It’s also possible the same people who create pesky survey scam websites also market their own scams, whether in TikTok videos or other methods, while at the very same time pretending to be affiliates.

    For any readers unfamiliar with affiliate marketing, think of it like this: Affiliate marketing is a method when people not directly involved with a business participate in the company’s affiliate program and attempt to make commissions off of sales of their products.

    Readers should be cautious if they ever see further gift card promises in surveys involving a supposd Starbucks product review. Such an offer is likely to be too good to be true. After all, if an online offer seems too good to be true, it probably is.

    Quick Story About Falsely Blaming Affiliate Marketers

    In the past, I published a story on another website about professional-looking YouTube ads making numerous false claims about a brand of supposed weight loss supplements. According to the ads, the supplements help consumers get rid of excess waste normally relieved in the bathroom. I won’t name names.

    I emailed the company to ask about the ads. A spokesperson for the company became quite defensive in their replies. They apparently didn’t like the fact someone contacted them to question the scams surrounding their strange products. The company spokesperson told me an affiliate marketer was to blame for the scammy video appearing in so many YouTube ads.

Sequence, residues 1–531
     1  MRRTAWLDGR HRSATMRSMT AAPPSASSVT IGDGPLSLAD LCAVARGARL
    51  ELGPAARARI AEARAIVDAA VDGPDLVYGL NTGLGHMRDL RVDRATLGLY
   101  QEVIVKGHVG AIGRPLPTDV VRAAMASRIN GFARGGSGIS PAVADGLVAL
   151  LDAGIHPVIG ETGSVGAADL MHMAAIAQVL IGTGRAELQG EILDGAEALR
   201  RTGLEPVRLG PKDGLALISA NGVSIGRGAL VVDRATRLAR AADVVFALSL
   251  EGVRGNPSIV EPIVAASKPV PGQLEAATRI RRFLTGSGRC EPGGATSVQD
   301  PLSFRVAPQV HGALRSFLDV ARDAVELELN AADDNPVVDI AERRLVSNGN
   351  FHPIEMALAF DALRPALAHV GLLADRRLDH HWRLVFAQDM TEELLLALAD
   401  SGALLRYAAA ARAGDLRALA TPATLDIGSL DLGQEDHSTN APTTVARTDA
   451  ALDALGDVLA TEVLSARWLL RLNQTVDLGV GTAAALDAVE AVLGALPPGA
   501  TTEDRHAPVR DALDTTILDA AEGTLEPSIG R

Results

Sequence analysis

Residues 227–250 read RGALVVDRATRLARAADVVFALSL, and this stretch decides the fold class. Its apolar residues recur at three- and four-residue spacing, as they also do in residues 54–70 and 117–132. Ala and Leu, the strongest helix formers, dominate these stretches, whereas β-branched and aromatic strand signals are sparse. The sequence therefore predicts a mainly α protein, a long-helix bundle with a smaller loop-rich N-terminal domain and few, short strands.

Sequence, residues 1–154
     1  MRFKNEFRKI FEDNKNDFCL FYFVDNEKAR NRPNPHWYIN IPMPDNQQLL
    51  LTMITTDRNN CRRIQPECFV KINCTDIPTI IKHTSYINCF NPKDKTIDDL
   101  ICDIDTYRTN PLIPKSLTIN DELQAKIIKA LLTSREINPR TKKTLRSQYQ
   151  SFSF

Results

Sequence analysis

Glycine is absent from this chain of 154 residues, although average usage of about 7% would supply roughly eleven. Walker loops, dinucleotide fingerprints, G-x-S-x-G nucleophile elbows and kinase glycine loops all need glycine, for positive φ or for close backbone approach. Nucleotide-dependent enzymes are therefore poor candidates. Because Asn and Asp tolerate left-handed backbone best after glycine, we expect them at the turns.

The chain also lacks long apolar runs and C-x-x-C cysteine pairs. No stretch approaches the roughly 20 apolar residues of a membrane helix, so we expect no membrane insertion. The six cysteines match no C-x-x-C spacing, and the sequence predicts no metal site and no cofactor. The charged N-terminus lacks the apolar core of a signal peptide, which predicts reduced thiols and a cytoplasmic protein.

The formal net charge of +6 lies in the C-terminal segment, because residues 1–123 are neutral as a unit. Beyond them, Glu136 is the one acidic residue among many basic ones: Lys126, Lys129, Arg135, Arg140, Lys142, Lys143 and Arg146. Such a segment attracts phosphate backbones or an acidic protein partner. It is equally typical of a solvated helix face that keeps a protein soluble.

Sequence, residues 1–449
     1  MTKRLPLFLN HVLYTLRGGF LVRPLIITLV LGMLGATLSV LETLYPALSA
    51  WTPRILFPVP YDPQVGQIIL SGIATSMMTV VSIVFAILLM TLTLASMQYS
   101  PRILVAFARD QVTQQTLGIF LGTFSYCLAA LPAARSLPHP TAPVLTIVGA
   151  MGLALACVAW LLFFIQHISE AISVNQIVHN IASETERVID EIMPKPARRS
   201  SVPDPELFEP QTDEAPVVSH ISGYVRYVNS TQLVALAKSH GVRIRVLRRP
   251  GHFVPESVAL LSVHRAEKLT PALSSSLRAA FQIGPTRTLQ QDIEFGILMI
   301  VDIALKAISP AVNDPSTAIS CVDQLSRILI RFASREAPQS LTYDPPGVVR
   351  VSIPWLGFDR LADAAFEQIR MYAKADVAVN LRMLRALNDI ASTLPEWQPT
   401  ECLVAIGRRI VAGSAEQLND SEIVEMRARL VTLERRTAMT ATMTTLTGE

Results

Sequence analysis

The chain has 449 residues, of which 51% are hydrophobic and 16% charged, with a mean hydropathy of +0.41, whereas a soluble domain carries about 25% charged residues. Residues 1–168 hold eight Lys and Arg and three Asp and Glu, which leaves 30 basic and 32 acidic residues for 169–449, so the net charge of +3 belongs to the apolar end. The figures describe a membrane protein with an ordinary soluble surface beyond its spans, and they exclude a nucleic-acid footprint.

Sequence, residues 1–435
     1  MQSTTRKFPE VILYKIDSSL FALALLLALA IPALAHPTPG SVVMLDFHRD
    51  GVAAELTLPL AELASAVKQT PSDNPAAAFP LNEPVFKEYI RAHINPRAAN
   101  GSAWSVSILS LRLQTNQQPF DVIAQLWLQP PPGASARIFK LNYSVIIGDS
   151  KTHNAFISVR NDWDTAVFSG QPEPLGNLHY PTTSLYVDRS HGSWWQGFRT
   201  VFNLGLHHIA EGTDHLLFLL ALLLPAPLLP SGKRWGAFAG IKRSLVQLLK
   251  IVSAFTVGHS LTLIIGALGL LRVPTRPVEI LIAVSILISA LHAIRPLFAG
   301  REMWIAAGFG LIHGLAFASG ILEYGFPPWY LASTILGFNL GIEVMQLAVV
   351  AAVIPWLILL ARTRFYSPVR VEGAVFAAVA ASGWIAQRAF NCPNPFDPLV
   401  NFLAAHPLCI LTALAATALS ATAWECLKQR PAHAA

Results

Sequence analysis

However, here’s the thing: Around two or three years later, I found proof the business created the scammy YouTube ads. I always thought they were behind the ads but did not know for sure until much later.

    From what I can tell, the strategy of blaming affiliates seems to be the norm for a lot of scammy companies. After all, all a business has to do is say, “Hey, look. That was an affiliate. They violated our affiliate terms. The ads have been removed.” Then, they can say thank you for assisting in finding the scammy ad. In reality, though, nothing will have changed, and the scam will continue.

    Did You Lose Money in the Starbucks Product Review Scam?

    If any readers fell for this Starbucks product review scam for the $100 gift card or any other scams involving the giving away of financial information, contact your financial institution. For example, if you submitted credit card information, contact that credit card company.

    Further, I recommend filing fraud reports with the FTC, FBI and other organizations.